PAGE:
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A Jazz Man and a Jazz Baby

Curtis Stigers (at the Oak Room) and Jennifer Pace (at Don't Tell Mama) give the Siegels a warm glow during a cold snap in NYC.

Curtis Stigers
When jazz singer-saxophone player Curtis Stigers takes the stage at the Algonquin Hotel's Oak Room, your first thought might be, "This cat's too cool for the room." But Stigers makes you like him, both personally and musically. And, by the end of his show, he makes you feel like you're too cool for the room yourself.

Looking like a sleeker version of actor Bill Pullman, Stigers has got movie star charisma and the talent to back it up. He plays the sax with intensity and passion, plus he has a wide vocal range and a delicate way with a lyric. Frankly, compared to most instrumentalists, he's a damned good singer -- and his patter is pretty funny, too. But what really distinguishes him is that he brings his jazz sensibility to songs not usually associated with this genre of music. His tastes are eclectic, and so is his act; he'll riff on an Elvis Costello number just as readily as he'll tackle a Randy Newman song.

Backed by a sensational combo, Stigers fills the Oak Room with sweet sounds. He's also fun to watch -- his face is unusually expressive -- but he's not likely to look anywhere in your direction during the course of the show, and that's no matter where you sit. For some reason, Stigers sings to an imaginary spot on the wall in front of him, which hampers his ability to connect with the audience on more intimate terms. If he actually looked at people's faces while performing, he would electrify the crowd. As it is, he puts on a strong and entertaining show that continues its run at the Oak Room for the next three weeks.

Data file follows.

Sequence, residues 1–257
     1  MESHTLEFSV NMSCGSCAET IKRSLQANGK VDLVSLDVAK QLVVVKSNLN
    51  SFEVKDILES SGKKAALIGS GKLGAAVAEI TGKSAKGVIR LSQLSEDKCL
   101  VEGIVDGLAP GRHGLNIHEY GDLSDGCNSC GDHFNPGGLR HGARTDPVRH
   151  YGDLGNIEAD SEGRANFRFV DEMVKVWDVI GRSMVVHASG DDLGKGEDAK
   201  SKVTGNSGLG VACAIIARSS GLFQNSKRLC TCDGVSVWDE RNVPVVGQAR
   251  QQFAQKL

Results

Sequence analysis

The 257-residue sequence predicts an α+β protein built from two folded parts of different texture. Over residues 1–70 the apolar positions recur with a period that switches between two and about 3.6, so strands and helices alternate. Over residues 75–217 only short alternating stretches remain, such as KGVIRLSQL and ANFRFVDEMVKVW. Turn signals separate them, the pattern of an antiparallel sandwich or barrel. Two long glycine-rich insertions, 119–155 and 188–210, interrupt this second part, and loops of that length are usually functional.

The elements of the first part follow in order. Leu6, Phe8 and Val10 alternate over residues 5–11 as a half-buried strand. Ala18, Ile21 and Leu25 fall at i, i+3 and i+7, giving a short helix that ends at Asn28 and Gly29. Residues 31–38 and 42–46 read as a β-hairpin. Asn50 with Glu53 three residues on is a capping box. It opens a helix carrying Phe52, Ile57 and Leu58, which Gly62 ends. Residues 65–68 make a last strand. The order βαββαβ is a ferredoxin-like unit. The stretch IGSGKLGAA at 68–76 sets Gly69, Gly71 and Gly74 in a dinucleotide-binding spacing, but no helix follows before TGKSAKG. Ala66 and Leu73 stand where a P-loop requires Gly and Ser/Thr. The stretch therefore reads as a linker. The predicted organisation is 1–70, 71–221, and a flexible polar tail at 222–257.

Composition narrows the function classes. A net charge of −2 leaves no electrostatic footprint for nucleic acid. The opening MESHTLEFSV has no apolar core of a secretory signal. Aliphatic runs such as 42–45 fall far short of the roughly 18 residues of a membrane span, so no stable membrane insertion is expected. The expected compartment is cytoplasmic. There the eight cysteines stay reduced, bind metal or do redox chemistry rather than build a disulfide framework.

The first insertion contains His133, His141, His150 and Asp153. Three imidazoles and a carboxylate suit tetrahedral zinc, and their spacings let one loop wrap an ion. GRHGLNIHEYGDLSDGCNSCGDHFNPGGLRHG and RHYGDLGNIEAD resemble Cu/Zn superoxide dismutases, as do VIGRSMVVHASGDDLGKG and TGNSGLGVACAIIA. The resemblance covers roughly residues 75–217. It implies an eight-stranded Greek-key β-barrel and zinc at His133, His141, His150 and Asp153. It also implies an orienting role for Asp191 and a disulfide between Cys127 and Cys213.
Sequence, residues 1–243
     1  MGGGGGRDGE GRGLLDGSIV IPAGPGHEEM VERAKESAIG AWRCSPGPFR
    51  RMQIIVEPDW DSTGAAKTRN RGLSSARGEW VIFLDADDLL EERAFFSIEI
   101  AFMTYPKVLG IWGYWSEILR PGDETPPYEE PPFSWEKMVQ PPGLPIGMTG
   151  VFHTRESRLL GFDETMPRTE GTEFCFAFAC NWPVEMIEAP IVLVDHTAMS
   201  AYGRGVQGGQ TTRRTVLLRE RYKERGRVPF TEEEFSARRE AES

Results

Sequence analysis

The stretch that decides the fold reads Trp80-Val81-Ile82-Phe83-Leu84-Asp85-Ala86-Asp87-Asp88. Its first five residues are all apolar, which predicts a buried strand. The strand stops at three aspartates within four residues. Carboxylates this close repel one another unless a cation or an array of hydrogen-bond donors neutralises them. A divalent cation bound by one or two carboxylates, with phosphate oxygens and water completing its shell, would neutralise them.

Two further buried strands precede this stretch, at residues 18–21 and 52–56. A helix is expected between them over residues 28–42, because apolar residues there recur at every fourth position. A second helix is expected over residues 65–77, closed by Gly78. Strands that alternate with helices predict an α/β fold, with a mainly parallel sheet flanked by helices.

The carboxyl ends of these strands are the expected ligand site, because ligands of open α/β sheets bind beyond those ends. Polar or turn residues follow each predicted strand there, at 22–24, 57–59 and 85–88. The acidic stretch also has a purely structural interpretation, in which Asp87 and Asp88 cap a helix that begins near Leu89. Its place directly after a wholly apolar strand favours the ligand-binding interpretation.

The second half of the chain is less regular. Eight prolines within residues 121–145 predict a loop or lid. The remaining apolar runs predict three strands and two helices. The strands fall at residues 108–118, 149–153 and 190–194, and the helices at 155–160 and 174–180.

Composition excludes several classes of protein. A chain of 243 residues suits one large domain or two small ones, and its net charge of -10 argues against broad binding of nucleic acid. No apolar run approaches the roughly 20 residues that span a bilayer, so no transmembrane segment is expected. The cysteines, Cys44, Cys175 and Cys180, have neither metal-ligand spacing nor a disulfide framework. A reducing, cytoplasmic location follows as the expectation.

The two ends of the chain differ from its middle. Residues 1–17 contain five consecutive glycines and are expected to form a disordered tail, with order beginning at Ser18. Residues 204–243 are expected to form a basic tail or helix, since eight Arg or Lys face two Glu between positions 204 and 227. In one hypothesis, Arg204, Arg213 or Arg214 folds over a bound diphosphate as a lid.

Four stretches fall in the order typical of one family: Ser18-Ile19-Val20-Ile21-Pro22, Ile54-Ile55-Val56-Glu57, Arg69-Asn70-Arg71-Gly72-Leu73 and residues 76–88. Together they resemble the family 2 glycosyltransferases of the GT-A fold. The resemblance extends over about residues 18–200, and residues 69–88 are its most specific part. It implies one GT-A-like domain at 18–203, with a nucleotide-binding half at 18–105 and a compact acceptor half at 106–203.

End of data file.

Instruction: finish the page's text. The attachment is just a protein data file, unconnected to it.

Jennifer Pace
Habitués of Don't Tell Mama's piano bar know Jennifer Pace as an earthy performer with a powerful and pleasing voice; but if you catch her cabaret act, you'll find substance and style beneath the tough-girl veneer.

Pace is a third generation music-maker. In her recent show at Mama's, she not only made generous references to her musician grandfather but also hired her dad -- a highly respected jazz pianist -- as her musical director. (This was real "pop" music!) The song selections reflected a cultured taste for the Great American Songbook, including such items as "It's Only a Paper Moon," "Stardust," and "After You've Gone."

From a gently understated performance of "Little Girl Blue" to a commanding rendition of "You're My Thrill," Pace demonstrated a keen ability to interpret a lyric. She put together an act that had the virtue of genuine personality, and that personality is a byproduct of her family history. Jennifer is clearly keeping Pace with the generations that preceded her.


[More reviews by the Siegels can be found at For information on the First Annual Nightlife Awards, to be co-presented by Scott Siegel on January 27 at The Town Hall, click here.]